[2 March 2004]
As the chief member of the neo-psych Green Pajamas and as a solo artist, Jeff Kelly has released dozens of albums over the last 20 years, a feat that seems even more remarkable when you consider that virtually no one’s ever heard of him. Unlike, say, Jandek, whose goal is to remain anonymous while releasing an endless string of unjustly ignored albums, Kelly very likely wants, and certainly deserves, wider recognition. Play any one of his records and his fluency with melody and the sturdiness of his song craft will be immediately apparent. Surely anybody who owns a Death Cab for Cutie disc or any of the 900 posthumous Jeff Buckley releases can find a place in their collection for a Jeff Kelly record or two.
But there are some obvious problems, too, with Kelly that might explain why he is not famous. One is the abstruse milieu from which he draws some of his subject matter. In discussing the inspiration for songs from this new collection, Kelly refers to Debussy, Haworth Parsonage, novelist Helen Humphries, photographer Julia Margaret Cameron, and opera singer Natalie Dessay; and song titles like “Kissing Alma Mahler” and “Melisande” only reinforce the notion he’s awash in rarefied esoterica. Now, this is precisely the sort of cultural base that will make anti-intellectuals scream that he’s pretentious, but really such reference points are so gawky and idiosyncratic, they can only be sincere. While these topics are generally handled insightfully, they remain so particular to Kelly’s personal nexus of significance that you have to wonder what anyone else has to gain from immersing oneself in it. None of the songs are as inaccessible as they appear on paper, and if you didn’t know any better you’d just assume Kelly’s lyrics were the usual personal reflections you get from singer-songwriters, albeit with an unusual degree of articulate thoughtfulness. But you will know better, and unfortunately it’s likely to alienate you a bit.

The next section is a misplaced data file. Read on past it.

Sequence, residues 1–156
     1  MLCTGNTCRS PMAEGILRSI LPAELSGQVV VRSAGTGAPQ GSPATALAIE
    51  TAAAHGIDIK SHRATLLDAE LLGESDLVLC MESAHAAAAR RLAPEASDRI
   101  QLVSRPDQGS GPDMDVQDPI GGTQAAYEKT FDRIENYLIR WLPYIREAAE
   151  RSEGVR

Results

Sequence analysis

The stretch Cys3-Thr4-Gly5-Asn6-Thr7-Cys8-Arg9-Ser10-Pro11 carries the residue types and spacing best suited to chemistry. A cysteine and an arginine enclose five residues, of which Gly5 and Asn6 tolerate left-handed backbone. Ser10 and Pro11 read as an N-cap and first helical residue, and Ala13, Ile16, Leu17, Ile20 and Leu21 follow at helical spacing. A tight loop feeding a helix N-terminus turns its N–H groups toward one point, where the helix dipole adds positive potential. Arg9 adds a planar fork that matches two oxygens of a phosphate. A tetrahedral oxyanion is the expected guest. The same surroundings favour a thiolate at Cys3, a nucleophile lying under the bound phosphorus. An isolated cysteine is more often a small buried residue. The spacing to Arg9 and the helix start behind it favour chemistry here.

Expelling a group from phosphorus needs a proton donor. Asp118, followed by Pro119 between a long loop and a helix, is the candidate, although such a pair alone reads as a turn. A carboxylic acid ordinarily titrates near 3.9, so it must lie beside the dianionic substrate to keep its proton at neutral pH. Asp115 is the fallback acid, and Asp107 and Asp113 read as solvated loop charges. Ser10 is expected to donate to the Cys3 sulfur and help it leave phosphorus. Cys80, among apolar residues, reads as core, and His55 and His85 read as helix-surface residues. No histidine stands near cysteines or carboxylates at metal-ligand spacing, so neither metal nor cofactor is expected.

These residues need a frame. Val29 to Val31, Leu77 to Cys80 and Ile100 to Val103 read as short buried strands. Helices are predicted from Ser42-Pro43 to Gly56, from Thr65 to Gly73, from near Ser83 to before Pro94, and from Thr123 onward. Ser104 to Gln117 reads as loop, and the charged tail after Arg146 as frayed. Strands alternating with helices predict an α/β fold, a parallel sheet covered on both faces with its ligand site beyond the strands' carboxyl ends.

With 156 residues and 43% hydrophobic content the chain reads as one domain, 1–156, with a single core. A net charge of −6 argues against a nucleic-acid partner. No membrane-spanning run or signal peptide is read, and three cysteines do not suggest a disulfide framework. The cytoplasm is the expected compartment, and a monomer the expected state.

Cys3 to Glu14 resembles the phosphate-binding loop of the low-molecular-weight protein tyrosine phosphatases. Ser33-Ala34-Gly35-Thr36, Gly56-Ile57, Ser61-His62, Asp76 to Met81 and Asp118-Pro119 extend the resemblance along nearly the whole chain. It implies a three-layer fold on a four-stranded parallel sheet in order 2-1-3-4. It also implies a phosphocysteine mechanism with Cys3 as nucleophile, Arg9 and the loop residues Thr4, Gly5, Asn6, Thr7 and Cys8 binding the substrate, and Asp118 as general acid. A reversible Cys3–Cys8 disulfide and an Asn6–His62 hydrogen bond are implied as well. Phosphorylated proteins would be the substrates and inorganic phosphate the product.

Another problem is his thin and at times febrile voice, which always strains toward earnest yearning. Not gifted with the kind of voice that can be sweetly longing and full-throated at once, he’s not capable of the crooning his melancholic material calls for. His vocals tend to sound a bit pinched, and the ardor he wants to convey comes across more as discomfiture. Rather than baring his buffeted soul, he sounds as though his shoes are too tight. So the rapturousness of Tim Buckley and the gravitas of Leonard Cohen (to cite two feasible sources of inspiration) seems a bit beyond his grasp. Ultimately, he is more like a fellow Pacific Northwesterner, the late Elliott Smith, another excellent songwriter with a strong ear for compelling ‘60s-derived arrangements but an equally pallid voice.
Though Kelly’s music is often alleged to have a morbid quality, little of that is in evidence on For the Swan in the Hallway. There’s a residue of gloom in the sparse piano-based arrangement of “The Lock” (about a preserved piece of Emily Bronte’s hair); in the emphatic, minor-keyed guitar overdubs of “Afterimage” and in the buzzing organ fills of “The Swan on the Hill”. But many songs use a bright blend of acoustic and electric guitars, upbeat tempos and insistent drum programming, which creates an uncanny resemblance to Jesus Jones. This is especially true when some synthesizer licks and badly processed guitar sounds are dropped in, as on “Whispers of the Pool”. Thankfully, there are redeeming moments, such as the sauntering, string-laden “Oxford Street” and the S.F. Sorrow-like “The Girls of the Ford”. Even when Kelly uses a tired hook, as in “Ever So Lightly”, he has the savvy to liven it up with some loose, inspired playing, and one of his more drawling, nuanced vocal takes. In general, Kelly’s a capable recycler because he has a way of freshening what he borrows with apt ornamental touches or unexpected alterations in how they are paced or phrased. So at times it seems likes there’s something familiar and reassuring here for everyone. But in all, nothing here suggests Kelly is poised for a breakthrough to a larger audience, which is probably as large a compliment as can be paid to music so temperamentally wary of the lowest common denominator.